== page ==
Saturday, October 28, 2017

In Which I Review Once Upon a Time (7x4)

What is a happily ever after? It's an obnoxious question, I know, given that most people would agree there's no such thing, not really, not in this realm of existence. But bear with me because I think it's worth puzzling out. A happily ever after is as central to fairy tales as once upon a time. Every story needs a proper ending and the hero and heroine riding off into the sunset to live forever seems as good an ending as any. The problem comes in the fact that we, the outsiders looking in, tend to associate a sort of immortality to this happily ever after. Fairy tale characters are broad strokes, archetypes, and thus give off an immortal aura to them. We can't imagine, for instance, Snow White and her prince growing old, wrinkled, gray, and becoming doddering layabouts. They are forever etched in our mind as just married, young, vivacious, and head over heels in love. I think the main issue lies in the fact that when a story speaks of a happily ever after they attach a certain pesky word to it: "lived." And they lived happily ever after. We expect them to do just that: live ever after. But, unless you're Rumplestiltskin, no one lives forever. We might try to rage, rage against the dying of the light but it comes for us all in the end. So what exactly is a happily ever after and what does it mean to live one? That's the central question in this week's episode, "Beauty;" it's an episode that explores the idea that to live happily ever after is, simply, to live.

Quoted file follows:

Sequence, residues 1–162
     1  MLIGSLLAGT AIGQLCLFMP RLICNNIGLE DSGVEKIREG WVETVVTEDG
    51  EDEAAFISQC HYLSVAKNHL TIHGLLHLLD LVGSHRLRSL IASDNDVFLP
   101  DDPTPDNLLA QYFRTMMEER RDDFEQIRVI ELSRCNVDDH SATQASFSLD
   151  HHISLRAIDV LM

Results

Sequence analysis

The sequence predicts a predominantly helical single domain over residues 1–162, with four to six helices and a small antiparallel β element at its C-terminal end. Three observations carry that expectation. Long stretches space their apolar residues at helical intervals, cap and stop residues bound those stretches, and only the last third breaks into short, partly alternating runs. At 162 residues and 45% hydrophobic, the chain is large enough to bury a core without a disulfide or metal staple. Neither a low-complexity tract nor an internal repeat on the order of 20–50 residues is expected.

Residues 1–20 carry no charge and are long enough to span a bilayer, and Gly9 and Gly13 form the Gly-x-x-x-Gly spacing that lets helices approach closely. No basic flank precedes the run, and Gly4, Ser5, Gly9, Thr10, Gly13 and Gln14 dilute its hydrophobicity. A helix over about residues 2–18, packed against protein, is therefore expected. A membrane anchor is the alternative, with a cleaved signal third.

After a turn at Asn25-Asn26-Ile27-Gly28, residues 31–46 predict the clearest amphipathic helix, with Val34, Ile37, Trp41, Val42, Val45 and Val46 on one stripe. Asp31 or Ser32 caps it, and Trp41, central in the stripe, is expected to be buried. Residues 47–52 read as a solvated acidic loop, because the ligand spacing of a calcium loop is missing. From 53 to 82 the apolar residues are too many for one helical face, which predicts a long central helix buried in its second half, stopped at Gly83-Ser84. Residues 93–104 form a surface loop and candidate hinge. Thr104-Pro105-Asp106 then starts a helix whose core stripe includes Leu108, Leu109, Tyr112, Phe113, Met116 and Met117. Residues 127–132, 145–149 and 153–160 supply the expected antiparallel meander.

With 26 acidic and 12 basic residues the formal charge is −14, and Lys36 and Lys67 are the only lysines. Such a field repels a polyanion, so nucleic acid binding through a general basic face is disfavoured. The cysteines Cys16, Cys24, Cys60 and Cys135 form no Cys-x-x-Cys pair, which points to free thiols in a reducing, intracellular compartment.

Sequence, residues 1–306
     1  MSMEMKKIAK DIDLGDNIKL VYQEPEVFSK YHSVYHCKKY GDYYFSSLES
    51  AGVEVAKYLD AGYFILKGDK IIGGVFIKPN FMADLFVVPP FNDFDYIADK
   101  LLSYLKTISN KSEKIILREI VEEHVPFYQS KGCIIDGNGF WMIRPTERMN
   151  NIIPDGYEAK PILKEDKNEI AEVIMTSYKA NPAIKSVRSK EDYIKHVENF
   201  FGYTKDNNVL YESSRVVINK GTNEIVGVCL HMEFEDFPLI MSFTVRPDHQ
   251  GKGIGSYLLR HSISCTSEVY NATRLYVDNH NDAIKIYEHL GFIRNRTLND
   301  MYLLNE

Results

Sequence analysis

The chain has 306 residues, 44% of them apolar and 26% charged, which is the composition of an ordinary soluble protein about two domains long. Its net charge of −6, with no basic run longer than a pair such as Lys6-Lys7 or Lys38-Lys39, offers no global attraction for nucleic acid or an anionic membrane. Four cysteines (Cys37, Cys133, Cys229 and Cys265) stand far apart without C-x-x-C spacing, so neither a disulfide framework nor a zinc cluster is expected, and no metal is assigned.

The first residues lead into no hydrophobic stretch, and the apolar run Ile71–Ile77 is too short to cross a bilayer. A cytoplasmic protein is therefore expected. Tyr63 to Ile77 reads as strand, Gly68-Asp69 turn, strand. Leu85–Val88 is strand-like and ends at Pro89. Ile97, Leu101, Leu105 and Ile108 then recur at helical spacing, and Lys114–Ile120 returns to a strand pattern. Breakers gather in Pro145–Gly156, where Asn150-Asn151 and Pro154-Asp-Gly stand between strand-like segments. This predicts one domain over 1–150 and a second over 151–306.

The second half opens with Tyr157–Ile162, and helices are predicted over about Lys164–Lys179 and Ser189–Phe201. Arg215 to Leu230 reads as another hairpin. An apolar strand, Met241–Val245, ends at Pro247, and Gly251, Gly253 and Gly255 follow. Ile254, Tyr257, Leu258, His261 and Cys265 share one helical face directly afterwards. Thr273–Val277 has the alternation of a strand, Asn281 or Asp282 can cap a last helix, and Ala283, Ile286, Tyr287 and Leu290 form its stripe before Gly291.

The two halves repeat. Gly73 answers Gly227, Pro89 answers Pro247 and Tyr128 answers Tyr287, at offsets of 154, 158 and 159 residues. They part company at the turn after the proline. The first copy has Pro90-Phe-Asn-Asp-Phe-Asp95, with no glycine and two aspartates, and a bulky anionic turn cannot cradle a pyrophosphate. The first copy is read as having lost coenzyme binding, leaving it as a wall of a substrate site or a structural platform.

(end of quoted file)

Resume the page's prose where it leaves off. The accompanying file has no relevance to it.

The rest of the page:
Everlasting Love